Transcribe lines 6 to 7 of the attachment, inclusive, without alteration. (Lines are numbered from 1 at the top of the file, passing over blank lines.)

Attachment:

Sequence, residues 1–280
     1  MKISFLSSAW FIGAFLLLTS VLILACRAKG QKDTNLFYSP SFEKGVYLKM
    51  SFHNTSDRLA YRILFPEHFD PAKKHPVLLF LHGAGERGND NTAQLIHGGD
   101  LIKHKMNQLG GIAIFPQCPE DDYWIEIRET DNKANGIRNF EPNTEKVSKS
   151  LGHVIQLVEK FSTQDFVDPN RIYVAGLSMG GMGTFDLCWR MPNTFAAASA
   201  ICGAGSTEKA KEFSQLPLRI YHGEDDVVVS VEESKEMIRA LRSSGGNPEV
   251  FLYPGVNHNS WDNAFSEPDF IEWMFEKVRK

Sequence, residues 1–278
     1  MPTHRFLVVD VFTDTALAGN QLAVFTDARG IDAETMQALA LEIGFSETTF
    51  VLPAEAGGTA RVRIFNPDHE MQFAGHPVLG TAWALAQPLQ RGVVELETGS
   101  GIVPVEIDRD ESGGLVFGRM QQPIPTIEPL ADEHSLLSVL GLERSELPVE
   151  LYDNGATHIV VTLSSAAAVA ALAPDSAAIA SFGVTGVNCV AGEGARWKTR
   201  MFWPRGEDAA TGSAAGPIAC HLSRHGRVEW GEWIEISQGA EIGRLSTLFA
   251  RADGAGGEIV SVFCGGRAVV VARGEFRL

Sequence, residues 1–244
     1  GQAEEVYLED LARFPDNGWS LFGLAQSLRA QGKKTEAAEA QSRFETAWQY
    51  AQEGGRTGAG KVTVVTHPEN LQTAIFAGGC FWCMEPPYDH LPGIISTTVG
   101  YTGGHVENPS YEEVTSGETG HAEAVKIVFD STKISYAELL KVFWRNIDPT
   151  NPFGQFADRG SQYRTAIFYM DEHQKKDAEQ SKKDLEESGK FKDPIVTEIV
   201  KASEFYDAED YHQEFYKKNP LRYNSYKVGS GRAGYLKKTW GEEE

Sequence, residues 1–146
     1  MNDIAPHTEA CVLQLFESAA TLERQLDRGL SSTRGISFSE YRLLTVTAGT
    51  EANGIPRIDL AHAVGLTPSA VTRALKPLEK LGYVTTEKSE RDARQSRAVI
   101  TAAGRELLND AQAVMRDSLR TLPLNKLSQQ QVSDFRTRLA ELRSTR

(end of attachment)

   201  ICGAGSTEKA KEFSQLPLRI YHGEDDVVVS VEESKEMIRA LRSSGGNPEV
   251  FLYPGVNHNS WDNAFSEPDF IEWMFEKVRK